Computations - Examples

 

Where initial, annual or wear and tear, or obsolescence allowance is granted under the Income Tax (In Aid of Industry) Act, Chapter 81:02, or the Income Tax Act, Chapter 81:01, in respect of the property disposed of, the capital gain shall be the amount by which the value of the consideration received exceeds the cost of acquisition or the value upon acquisition, as the case may be, of the property, less any initial, annual, wear and tear or obsolescence allowance granted in respect of that property since 1st January 1991.

Example I
Machinery was purchased for $90,000 in 1991 Initial Allowance of $36,000 and Annual Allowance of $18,000 was granted. Machinery was sold in 1992 for $100,000.

 

COMPUTATION OF CAPITAL GAINS

 $$$$
Sale Proceeds    
Purchase Price 90,000100,000 
Less: initial allowance36,000   
Annual Allowance18,00054,00036,000 
    64,000
Less: Balancing Charge    
Subject to Income Tax   54,000
Capital Gain   10,000

 

Example II
A motor car was purchased for $90,000 on 1st January 1991. Wear and Tear Allowance of $54,000 was granted. The motor car was sold for $100,000 on 31st December 1992.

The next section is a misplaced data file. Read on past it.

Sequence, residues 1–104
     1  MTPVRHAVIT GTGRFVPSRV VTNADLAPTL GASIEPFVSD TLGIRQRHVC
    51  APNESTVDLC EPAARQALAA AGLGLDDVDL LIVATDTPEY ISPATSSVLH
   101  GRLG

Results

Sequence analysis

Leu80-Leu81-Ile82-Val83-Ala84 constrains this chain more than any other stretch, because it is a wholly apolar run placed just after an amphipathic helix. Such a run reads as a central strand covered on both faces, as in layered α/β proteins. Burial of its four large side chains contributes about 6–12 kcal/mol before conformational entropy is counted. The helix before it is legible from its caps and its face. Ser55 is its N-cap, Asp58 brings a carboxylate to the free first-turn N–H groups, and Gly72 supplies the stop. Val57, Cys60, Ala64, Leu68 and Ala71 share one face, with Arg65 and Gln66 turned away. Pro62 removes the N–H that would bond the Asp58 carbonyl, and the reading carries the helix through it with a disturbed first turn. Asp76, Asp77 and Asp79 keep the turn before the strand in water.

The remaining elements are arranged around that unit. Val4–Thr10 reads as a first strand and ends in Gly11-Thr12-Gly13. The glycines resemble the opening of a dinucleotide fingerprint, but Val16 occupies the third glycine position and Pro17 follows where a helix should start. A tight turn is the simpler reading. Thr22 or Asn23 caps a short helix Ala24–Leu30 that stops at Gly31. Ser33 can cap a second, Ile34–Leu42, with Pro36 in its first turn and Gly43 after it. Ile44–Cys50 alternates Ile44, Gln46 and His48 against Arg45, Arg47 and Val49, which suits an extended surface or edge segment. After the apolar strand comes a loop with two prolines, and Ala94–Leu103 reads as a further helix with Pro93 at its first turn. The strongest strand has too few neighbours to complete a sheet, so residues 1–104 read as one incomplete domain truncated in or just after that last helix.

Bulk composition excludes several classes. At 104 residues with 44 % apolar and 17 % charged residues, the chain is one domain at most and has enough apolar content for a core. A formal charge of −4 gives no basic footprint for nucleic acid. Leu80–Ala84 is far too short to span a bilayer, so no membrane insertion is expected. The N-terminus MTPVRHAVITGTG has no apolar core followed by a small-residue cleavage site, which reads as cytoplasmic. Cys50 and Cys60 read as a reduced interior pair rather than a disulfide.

COMPUTATION OF CAPITAL GAINS

 $$$
Sale Proceeds   
Purchase Price90,000100,000 
Less: Wear and Tear Allowance 54,000  
  36,000 
 Capital Gain  64,000

A capital loss occurs when the value arising from the change of ownership of an asset is less than the cost of acquisition of that asset or the market value as at 1st January 1991, whichever is later.

A capital loss may also arise on the redemption of any shares, debentures or other obligations and from the dissolution of a business or the liquidation of a company.

Capital allowances granted under the provisions of the Income Tax (In Aid of Industry) Act, 81:02, wear and tear allowance granted under the Income Tax Act, Chapter 81:01, are taken into consideration when computing capital gain.

For More information check the Guide to Capital Gains Tax.